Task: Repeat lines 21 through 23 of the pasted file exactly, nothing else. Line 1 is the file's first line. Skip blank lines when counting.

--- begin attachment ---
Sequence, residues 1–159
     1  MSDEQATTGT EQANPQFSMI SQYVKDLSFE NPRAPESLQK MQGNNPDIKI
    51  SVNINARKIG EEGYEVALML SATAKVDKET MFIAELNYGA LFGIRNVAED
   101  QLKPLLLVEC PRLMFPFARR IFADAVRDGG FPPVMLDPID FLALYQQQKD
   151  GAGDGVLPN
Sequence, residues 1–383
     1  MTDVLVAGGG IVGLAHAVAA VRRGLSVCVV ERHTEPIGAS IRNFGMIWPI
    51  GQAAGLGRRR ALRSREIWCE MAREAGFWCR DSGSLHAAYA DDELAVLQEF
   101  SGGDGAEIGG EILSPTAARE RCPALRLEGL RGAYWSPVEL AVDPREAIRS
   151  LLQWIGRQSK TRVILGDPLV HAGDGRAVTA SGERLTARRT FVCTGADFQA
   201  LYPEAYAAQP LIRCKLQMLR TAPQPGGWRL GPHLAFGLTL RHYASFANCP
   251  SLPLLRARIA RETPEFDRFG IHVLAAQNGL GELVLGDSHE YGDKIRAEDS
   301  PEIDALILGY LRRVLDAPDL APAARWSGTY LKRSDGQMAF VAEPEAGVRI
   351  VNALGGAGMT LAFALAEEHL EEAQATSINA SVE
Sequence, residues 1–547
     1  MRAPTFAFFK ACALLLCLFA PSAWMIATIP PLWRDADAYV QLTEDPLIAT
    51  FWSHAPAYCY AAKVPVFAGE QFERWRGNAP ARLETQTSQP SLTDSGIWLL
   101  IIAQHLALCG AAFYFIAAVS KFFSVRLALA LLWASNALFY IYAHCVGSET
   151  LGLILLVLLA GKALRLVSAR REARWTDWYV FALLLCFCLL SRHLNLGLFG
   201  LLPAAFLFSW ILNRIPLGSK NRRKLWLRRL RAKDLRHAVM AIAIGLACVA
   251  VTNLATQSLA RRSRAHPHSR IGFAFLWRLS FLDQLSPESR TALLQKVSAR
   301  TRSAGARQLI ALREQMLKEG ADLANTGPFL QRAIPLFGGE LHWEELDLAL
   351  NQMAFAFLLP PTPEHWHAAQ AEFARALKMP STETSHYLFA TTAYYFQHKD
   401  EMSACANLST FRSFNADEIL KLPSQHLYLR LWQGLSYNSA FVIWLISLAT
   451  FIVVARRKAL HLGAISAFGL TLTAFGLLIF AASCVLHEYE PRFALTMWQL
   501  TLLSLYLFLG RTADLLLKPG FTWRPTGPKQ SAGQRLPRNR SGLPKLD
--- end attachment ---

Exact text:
   251  VTNLATQSLA RRSRAHPHSR IGFAFLWRLS FLDQLSPESR TALLQKVSAR
   301  TRSAGARQLI ALREQMLKEG ADLANTGPFL QRAIPLFGGE LHWEELDLAL
   351  NQMAFAFLLP PTPEHWHAAQ AEFARALKMP STETSHYLFA TTAYYFQHKD